Otim Alpha
Gulu City Anthems
Nyege Nyege Tapes
/
2018
2LP
24.39
NNT003
Incl. VAT plus shipping / Orders from outside the EU are exempt from VAT
Tracklist
1Gang Ber Ki Dako 6:31
2Anyomo Laber (Pailyec)6:08
3Bilaber Cwerocwinya 6:08
4Lok Lobo Cwero Cwinya 6:02
5Too Wiye Ming-Alphazo 6:28
6Toni G 6:38
7Wilobo Lanyi 6:05
8Coo Oromo 5:03
9Cam Ki Lawoti II 5:54
10Agiki Ne Tye 5:06
11Kodi Pa Barikiya (Kwan)6:28

None-more-vital East African label Nyege Nyege Tapes present Otim Alpha’s melodic electro Acholi bangers on vinyl for the 1st time, following suit with their blazing, acclaimed Sounds of Sisso compilation resplendent in a faithful new remaster by Matt Colton.

Alpha’s debut international release Gulu City Anthems features 11 songs written and recorded between 2004 and 2015 in Northern Uganda and ranges from hi-velocity bangers to more romantic mid-tempo swagger, all serving a totally infectious showcase of his plugged-in take on traditional Larakaraka wedding music that’s bound to get a lot of listeners itching for a +1 invite to one of his ceremonial sessions (crashing is always an option, too!).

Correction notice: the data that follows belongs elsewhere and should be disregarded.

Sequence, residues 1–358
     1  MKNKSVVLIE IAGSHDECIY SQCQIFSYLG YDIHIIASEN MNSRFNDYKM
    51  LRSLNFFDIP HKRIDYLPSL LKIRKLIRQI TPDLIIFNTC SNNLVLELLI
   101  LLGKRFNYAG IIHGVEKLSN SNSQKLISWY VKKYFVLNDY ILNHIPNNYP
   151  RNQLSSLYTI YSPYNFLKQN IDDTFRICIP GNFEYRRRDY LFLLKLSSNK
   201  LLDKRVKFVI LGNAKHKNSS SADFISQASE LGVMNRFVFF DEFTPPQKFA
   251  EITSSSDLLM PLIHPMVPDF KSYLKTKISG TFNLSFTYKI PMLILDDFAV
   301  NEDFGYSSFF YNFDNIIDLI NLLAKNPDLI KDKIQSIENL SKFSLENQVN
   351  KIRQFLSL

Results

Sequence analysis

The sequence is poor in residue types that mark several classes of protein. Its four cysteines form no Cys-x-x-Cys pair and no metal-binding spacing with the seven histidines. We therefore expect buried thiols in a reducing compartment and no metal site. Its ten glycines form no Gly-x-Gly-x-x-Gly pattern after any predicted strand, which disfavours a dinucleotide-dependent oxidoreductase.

Working with producer Leo Palayeng, Otim essentially computerised Acholi wedding music, weaving its traditional, see-sawing folk fiddles and call-and-response vocals with stripped, pounding drum machine polyrhythms in a sort of hypnotic, minimalist delirium. For the most part, it’s properly uptempo, with some searing highlights in the likes of his wickedly off-kilter jig Kodi Pa Barikiya (Kwan), the jabbing clash of almost cajun-style rapidfire riffs and turbo-charged toms in Toni G, or the Detroit/Chicago ghetto-compatible bang of Too Wiye Ming-Alphazo. But there’s also one super-charming piece called Agiki Ne Tye which works at a relatively leisurely 120bpm with strolling bass and bright, joyful chord cadence, presumably intended to allow the party a sweet breather.

Following Alpha’s recent, stellar introductory live show at Unsound ’17, this collection is set to impress his sound to eager ears beyond Uganda and the East African scene, and is surely destined to be lodged in record collections somewhere between your Shangaan Electro, Konono No.1 and Caribbean soca faves